From an entirely end-user point of view, it’s hard to argue with some of the Cons. The hardware acceleration issue doesn’t crop up in my immediate use on a personal level since I’m a multi-OS person with a specific end goal for my time spent on Haiku- productivity. For everyday users and potential gamers and developers attracted to the OS, though, this is a hurdle that I’m sure Haiku will be able to deal with.
We see the same issue with Linux historically; in the beginning (and seventeen years of development or not, the Beta really does mark the beginning of Haiku as far as the general public is concerned) it had incredibly limited hardware support, to the point there were tools to determine whether your system could run Linux at all or not. A growing user base, though, translates into a greater support system and a more well-rounded batch of drivers and kernel support for hardware. It may take a full release or two for this to pick up speed, but it will come, and hopefully those releases will become more regular and timely to show the community at large there’s a good reason to build on the support side than just complaining about the lack of support or opining on how to hack it together.
The browser issue is a problem for end-users. PulkoMandy does good work on WebPositive, but a full featured browser is a lot for one person to manage. In the 6+ months I’ve been using Haiku I’ve seen good growth there, and while it might not be Firefox or Chrome, I do find myself using WebPositive more than Qupzilla now, as it does work a lot better than it used to.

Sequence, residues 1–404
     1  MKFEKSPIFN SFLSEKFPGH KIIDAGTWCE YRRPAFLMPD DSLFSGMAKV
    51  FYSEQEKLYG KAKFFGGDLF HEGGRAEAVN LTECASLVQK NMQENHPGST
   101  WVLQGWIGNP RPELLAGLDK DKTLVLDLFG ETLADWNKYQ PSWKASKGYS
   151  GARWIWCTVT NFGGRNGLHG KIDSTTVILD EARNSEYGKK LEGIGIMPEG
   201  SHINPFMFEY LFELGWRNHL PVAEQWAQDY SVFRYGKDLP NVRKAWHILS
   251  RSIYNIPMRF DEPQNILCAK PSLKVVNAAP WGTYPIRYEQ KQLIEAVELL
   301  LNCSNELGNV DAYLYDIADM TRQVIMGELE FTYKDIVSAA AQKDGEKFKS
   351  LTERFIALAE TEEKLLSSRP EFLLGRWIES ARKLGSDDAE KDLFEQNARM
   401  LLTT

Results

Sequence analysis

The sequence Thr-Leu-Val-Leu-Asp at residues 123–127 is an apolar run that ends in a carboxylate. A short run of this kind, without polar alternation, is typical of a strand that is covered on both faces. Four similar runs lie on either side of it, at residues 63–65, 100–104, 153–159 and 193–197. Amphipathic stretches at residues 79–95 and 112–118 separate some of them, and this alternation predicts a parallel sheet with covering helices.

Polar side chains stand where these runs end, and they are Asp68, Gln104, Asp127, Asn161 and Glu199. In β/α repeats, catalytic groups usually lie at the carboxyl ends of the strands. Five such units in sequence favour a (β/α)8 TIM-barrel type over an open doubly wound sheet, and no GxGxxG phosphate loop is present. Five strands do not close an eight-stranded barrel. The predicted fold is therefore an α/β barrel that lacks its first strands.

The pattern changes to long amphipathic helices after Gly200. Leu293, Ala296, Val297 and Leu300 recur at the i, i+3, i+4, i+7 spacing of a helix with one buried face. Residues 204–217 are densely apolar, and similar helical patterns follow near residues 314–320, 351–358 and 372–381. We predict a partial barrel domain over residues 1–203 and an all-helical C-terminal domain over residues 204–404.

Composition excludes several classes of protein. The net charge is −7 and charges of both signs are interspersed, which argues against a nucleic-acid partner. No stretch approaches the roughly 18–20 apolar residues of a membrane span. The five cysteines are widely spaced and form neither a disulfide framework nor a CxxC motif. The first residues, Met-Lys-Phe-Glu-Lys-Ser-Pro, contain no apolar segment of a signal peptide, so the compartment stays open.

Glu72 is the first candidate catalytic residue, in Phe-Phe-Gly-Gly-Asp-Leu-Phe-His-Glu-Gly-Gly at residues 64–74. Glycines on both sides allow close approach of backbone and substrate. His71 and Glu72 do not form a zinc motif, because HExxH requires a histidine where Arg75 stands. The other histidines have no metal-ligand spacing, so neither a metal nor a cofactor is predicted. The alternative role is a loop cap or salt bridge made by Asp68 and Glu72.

I’m not sure Con #4 is much of a Con as it is a question that hasn’t been clearly laid out for the layman yet. Haiku offers quite a bit that Windows and Linux do not. Stack and Tile alone are great end-user features that don’t get quite enough hype in these articles. The GUI might not seem the most up-to-date when compared to the look and feel of Gnome and Windows 10, or the cultish love even regulars here seem to have for the big animated mess of a dock MacOS uses, but the handling and controls around it around it are great and responsive.
Unfortunately, though, when it comes to attracting Windows users it’ll always be an uphill battle with hardware support and gamers, and when it comes to attracting Linux users they’ll be looking for customization and software alternatives that perform in a manner they’re used to getting from Linux’s community. While the latter will certainly come in time for Haiku as well, the former is going to be on everyone’s minds for a while and will continue to show up in press reviews of the OS as benchmarks of usability.
Haiku’s team are not stupid, though, they’re skilled coders working with what time they have to make something they’re passionate about, and I don’t doubt they’ll keep plugging away at these issues. The key, though, is going to be explaining why these issues exist in the first place and keeping the press informed about how development happens and how inclined persons can get involved. As it grows from Beta on, it’s going to take more than the current handful of devs to maintain the project and see that these things are addressed quickly enough to keep the appearance of moving forward to attract users and new devs.